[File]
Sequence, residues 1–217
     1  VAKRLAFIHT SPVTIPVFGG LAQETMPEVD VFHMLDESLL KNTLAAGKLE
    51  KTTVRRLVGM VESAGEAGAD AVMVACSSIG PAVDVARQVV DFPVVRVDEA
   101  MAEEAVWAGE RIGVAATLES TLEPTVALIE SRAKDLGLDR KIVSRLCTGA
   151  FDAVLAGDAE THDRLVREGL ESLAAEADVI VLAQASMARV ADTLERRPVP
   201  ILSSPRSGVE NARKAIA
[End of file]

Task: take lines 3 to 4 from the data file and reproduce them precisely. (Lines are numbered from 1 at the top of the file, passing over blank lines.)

    51  KTTVRRLVGM VESAGEAGAD AVMVACSSIG PAVDVARQVV DFPVVRVDEA
   101  MAEEAVWAGE RIGVAATLES TLEPTVALIE SRAKDLGLDR KIVSRLCTGA